I have been trying to learn Turkish for a while now. I studied most of my grammar book, made most of the exercises in it and translated all the Turkish sentences I encountered in the book (and practiced translating these from English to Turkish). That all went pretty well, but when I tried reading some kids books afterwards I noticed they were still too difficult! On top of that, I always forget Turkish grammar when I put it aside for a while - which I mostly do due to me being disappointed over my progress.

I am now a bit tired of studying the way I used to do, but I have to study because my family in law is Turkish (I don't live in Turkey). I was therefore wondering whether there is an app or website that teaches Turkish a bit more like a game. I would like to have something that gradually builds up and where I don't have the feeling that I have to wrestle myself through long sections of grammar and exercises.

For instance, a grammatical rule is explained and then one question needs to be answered before you can go on to the next one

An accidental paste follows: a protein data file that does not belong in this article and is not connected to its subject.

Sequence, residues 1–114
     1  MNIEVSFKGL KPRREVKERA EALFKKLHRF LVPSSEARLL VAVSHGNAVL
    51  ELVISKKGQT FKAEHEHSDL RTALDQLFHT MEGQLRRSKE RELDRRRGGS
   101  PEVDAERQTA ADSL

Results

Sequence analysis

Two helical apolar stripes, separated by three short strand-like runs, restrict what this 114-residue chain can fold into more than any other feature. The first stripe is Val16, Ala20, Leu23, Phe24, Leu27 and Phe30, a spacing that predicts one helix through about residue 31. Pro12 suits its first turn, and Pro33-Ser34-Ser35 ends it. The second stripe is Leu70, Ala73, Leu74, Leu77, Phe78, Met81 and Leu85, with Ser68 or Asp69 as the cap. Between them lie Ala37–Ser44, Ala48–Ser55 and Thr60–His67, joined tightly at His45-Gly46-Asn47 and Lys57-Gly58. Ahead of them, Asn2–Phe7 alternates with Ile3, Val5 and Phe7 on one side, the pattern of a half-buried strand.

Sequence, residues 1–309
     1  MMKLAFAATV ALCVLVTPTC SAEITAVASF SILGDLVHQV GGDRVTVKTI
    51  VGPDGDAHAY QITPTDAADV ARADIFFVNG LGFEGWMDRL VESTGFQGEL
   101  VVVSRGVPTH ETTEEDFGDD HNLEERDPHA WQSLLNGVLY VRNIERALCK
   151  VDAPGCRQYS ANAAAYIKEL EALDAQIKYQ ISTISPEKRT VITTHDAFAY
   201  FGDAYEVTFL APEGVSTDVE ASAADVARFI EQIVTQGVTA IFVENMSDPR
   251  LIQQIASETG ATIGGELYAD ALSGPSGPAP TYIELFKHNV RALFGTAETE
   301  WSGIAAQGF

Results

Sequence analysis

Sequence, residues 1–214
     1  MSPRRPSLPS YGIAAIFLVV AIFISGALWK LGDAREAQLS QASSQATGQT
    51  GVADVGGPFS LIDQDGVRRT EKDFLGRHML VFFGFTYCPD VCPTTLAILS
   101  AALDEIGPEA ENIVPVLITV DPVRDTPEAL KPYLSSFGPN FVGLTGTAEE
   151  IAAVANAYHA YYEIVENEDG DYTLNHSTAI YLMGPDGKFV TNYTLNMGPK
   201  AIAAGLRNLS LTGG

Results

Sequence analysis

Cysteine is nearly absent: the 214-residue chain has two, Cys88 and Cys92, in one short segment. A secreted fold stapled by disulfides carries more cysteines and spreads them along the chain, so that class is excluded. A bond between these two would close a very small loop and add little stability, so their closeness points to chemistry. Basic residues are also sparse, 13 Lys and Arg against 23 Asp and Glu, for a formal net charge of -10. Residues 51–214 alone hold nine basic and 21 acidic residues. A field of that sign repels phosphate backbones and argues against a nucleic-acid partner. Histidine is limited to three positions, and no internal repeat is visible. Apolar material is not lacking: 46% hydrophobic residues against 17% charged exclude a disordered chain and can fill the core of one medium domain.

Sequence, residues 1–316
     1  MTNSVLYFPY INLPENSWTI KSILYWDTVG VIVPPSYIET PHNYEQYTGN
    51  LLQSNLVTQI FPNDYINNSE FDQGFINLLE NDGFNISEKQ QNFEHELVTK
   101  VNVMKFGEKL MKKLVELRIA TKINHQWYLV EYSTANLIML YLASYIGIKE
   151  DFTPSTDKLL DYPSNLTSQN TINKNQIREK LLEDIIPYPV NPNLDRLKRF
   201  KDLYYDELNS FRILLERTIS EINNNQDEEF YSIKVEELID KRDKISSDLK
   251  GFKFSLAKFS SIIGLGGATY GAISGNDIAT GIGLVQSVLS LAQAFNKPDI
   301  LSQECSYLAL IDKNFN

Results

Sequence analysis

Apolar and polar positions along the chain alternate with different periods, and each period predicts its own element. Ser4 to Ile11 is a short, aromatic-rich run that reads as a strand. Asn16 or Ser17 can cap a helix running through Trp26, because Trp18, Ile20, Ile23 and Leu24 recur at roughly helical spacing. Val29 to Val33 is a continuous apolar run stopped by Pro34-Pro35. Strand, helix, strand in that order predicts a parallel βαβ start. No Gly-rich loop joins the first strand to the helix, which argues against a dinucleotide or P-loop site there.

2 Answers 2


Duolingo a popular gamified language learning website/application: https://www.duolingo.com/course/tr/en/Learn-Turkish-Online

It teaches grammar by translation of sentences. On the web interface you can also find short information blurbs about grammar, if these have been written for Turkish.

I have mostly used Duolingo to learn languages where I already had studied (and forgotten) most of the grammar, and it worked well as a refreshment/reintroduction. It also teaches accuracy in writing and, for most courses, a somewhat peculiar set of vocabulary. For me, it does not work as a means of learning good pronunciation or listening skills, though it does help a little.

Children's book are good in that they are often easy to follow and have pictures, but they can be challenging in that the vocabulary there is typically not taught to adult learners very actively. You might want to ask a separate question about how to get started with them.

Also, you might want to not put things aside for a while, but rather integrate continuous language learning into your schedule, up to the amount you can, so that there are very few long stretches without exposure. Marathon, not a sprint.

  • 1
    Thank you for your advice, @Tommi Brander. I am now using duolingo to learn Turkish, Spanish, German, Hungarian and Swedish. I like it a lot - I think I might be a bit over ambitious :)
    – koteletje
    Commented Apr 22, 2019 at 11:48

I think clozemaster (or tatoeba) is a bit better suited than duolingo as you are already familiar with the grammar and just need to practice your reading skills

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